7 free tools to sex up your content marketing, baby!

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As a leading content marketing agency, my team produce hundreds of web pages every year, from blog posts on creating content hierarchies and making words work harder, to articles on 360-degree video marketing and sales copy for stainless steel urinals.

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An incredible amount of research has to be undertaken to enable us to write with authority on such a broad spectrum of subjects, but once we’re ready to hit the keyboard we employ a variety of free tools to speed up the process and refine our output.

Here’s a brief guide to writing quality copy that should naturally earn the attention of target audiences while also being optimised for search:

  1. Answer The Public

    One of our all-time favourite tools, giving incredible insight into the questions your audience are actually asking Google. Upon entering a keyword/keyphrase related to your products/services, the gloriously bearded gentleman, aka ‘the searcher’, delivers a spider graph of recent real-life search queries, removing the guesswork from your content plan as you can tailor output to meet demand.For example, this is what appears for the term “content strategy”:Clicking the green dots on the live document takes you to the Google results for each query, allowing you to review the competitiveness for each. Armed with this knowledge, we can plan our future content to directly answer the popular questions where we feel we could add value to the wider conversation, giving us a chance of performing well in organic search listings.

  2. Grammarly

    Although a premium version is available with enhanced features, the free Chrome, Safari and Firefox browser extensions of Grammarly allow you to check spelling and grammar on the go, ensuring your work is free of embarrassing errors. (‘Embarrassing’ can be a tricky word to spell – how many r’s? Thankfully, I’ve got Grammarly installed to spare my blushes.)

  3. Wordcounter

    One of the most frustrating things a reader can experience is repetition. It’s so frustrating to see the same word crop up time and again. It can really frustrate the pleasure of reading, and comes across as frustratingly lazy writing.Thankfully, Wordcounter allows you to copy and paste your article into its calculator, and it’ll then rank your most frequently used words so you can freshen things up. Talking of which…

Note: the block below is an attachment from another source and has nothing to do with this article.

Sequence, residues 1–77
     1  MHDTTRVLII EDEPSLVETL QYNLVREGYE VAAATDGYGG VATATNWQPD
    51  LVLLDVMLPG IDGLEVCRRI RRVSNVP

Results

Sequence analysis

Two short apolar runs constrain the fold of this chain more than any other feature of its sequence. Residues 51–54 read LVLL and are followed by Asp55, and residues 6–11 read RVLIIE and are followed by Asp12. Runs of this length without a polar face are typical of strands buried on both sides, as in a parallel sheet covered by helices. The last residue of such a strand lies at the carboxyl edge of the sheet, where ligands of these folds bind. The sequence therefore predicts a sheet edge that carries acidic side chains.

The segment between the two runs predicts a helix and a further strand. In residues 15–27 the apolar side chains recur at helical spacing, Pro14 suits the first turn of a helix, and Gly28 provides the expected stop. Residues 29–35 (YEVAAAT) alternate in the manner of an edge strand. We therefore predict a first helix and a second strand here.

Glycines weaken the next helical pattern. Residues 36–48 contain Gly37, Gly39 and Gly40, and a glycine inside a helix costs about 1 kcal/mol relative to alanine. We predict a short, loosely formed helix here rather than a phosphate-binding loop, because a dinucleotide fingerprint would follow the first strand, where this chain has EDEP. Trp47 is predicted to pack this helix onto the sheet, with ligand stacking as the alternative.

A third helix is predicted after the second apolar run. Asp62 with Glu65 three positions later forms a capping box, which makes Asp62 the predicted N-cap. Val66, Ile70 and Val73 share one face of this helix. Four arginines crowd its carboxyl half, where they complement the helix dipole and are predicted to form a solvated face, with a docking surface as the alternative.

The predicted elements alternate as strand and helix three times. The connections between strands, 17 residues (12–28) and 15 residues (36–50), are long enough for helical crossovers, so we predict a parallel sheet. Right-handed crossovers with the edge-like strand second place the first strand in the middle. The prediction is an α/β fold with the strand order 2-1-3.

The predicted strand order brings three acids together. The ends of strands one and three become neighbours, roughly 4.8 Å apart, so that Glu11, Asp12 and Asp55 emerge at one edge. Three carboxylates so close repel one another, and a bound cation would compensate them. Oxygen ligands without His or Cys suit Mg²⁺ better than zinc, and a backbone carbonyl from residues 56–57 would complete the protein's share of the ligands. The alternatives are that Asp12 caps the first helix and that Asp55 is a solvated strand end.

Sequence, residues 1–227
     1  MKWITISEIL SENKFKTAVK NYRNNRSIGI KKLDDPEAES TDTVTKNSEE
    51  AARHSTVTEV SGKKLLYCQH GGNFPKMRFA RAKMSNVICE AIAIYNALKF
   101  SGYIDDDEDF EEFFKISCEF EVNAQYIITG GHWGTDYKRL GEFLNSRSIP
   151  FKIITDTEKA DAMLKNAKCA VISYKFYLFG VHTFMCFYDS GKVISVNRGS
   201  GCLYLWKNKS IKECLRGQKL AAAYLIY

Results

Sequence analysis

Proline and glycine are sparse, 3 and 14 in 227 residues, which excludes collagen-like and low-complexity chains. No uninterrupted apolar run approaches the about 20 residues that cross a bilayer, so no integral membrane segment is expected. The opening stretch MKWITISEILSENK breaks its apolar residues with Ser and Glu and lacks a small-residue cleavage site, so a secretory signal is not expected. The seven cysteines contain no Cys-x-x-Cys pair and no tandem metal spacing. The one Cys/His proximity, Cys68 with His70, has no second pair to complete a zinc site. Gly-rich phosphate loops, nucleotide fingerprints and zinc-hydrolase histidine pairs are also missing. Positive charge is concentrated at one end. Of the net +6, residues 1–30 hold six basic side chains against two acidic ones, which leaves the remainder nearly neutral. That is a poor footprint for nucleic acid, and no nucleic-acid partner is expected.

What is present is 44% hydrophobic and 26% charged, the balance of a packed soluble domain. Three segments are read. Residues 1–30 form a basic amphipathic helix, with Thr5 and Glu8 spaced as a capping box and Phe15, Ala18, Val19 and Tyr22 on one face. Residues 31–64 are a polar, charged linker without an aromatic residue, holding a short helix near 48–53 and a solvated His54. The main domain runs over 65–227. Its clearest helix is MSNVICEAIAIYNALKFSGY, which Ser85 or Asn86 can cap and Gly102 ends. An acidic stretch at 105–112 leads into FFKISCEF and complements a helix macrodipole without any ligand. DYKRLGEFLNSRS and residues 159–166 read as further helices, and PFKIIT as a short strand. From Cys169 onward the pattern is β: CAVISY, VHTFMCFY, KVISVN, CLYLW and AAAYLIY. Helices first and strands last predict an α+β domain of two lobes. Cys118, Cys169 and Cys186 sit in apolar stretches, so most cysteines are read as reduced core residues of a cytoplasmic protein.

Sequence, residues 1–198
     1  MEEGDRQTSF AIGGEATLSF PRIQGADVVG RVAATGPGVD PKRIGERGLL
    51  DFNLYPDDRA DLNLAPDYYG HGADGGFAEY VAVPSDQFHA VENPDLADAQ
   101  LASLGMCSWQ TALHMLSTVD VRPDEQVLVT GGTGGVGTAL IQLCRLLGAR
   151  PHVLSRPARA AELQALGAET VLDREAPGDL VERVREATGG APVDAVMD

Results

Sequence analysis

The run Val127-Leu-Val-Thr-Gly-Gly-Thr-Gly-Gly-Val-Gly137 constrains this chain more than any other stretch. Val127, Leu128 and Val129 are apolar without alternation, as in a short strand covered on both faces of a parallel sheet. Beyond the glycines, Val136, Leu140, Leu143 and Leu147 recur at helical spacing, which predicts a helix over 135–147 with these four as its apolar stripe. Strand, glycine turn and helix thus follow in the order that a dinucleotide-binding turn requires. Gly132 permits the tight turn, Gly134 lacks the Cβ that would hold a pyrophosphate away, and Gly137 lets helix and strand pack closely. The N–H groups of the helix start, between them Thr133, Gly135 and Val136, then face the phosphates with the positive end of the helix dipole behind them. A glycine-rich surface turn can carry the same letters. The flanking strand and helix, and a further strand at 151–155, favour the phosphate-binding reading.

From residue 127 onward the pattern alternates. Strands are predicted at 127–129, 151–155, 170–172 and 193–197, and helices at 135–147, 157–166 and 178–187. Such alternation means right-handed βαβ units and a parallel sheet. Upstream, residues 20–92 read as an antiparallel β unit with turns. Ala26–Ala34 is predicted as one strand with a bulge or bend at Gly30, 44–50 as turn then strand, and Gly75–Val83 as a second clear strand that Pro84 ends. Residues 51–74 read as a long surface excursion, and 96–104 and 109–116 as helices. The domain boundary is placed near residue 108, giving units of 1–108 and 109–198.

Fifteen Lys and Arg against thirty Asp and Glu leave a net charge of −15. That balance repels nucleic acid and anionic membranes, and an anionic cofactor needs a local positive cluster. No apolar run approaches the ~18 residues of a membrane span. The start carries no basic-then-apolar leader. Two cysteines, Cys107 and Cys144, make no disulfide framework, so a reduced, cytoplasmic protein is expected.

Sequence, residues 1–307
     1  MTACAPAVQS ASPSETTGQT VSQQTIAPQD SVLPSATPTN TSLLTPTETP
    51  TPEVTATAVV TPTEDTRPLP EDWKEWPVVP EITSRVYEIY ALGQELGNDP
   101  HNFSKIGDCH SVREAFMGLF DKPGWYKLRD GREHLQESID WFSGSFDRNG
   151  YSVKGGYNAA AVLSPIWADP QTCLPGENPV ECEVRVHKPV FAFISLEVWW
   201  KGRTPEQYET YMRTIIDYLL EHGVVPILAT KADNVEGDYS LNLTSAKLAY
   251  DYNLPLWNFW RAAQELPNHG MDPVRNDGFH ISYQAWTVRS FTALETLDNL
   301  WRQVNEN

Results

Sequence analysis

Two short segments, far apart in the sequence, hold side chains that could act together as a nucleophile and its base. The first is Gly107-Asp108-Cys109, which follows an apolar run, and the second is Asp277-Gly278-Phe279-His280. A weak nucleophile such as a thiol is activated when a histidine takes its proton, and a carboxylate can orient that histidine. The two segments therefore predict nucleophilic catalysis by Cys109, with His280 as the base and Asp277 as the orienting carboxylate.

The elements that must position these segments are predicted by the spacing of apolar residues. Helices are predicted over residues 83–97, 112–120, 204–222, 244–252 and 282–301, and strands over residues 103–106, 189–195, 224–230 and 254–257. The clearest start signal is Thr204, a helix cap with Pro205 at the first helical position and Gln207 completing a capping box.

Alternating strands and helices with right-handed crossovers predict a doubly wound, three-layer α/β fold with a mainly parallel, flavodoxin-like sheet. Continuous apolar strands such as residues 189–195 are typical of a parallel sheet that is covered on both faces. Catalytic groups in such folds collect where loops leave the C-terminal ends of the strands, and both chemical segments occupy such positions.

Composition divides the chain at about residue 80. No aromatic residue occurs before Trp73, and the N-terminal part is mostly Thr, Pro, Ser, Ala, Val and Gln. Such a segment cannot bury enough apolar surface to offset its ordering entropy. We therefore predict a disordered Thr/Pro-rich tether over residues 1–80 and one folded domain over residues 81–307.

4. Thesaurus.com

    Typing ‘frustrate’ into the online thesaurus brings up a plethora of fantastic alternatives, such as ‘thwart’, ‘baffle’, ‘discourage’ and ‘hinder’. I always keep it open alongside my documents when writing.

  5. Headline Analyzer

    It’s often said that the headline is the most important aspect of your writing, the bait the catches the eye and reels people in. This neat tool from CoSchedule lets you play around with your headline until you satisfy each of the main criterion, as outlined below.You can initially spend a long time tweaking words around, and there is some debate as to how worthwhile the process is (is it better to trust your gut rather than playing some algorithmic game?), but it certainly gets you to focus on your headlines in a fresh way.

  6. Copyscape

    It’s important not to have any duplicate content on your site, as it causes confusion for search engine bots, meaning they’re unlikely to rank your pages. Some businesses run into duplication issues if they’re running several versions of the same website, perhaps using the same content across separate, city-specific websites, only changing the location and contact details.This will likely incur Google page based penalties with only the original source ranking in the SERPs and being credited by Google. To mitigate against any issues, you can use Copyscape’s free comparison tool to view two web pages side-by-side, highlighting areas of duplication. You can then edit the text until it’s sufficiently different, keeping you on the right side of the Google gods.

  7. SERP Preview

    Once you’ve nailed your headline and written content with serious thrust, it’s important to polish up your SEO. SERP Preview allows you to refine your page title, meta description and URL, showing you exactly how each aspect will be displayed on Google’s listings.Rather than dictating a set number of words you can use in a page title, Google can only display titles that are a maximum of 600 pixels. Needless to say, some letters are wider than others, which takes takes more screen space and more pixels, so it can be difficult to know whether or not your title will be truncated. Thankfully, the preview invites you to maximise your search engine visibility before you hit publish.

Provided you have a strong content marketing strategy in place, these guidelines can elevate your SEO while inspiring your readers to become brand advocates. If you know of any other cool tools worth a shout out, please let us know in the comments.

Magnus Linklater is the Managing Director of Bespoke Content Marketing.

Author: Magnus Linklater

Magnus Linklater is the Managing Director of Bespoke Content Marketing.